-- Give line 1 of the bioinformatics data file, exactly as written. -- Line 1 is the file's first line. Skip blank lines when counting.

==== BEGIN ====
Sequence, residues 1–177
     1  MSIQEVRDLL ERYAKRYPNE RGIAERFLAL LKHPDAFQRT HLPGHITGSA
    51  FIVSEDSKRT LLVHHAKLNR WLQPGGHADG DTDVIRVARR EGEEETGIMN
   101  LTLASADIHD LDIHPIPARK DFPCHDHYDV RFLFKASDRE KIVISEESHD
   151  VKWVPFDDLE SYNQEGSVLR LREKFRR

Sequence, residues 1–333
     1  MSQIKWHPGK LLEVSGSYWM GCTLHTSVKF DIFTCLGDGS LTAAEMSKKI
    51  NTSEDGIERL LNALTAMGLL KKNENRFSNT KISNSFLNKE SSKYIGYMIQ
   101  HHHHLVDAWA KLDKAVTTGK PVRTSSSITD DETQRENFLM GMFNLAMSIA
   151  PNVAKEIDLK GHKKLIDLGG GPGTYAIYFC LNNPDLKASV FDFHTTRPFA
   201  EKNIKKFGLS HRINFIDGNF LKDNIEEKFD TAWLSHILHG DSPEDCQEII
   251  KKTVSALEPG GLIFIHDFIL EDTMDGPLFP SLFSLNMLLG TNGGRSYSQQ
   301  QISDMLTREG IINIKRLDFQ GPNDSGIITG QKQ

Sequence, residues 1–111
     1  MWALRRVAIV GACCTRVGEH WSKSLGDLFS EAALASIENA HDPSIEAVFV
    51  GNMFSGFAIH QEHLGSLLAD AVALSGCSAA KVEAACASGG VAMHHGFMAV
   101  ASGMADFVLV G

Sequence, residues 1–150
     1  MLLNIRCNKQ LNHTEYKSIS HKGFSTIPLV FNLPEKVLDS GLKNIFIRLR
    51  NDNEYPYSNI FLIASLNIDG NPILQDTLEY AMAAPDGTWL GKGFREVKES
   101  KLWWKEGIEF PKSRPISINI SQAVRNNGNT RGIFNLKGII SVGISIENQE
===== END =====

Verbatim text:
Sequence, residues 1–177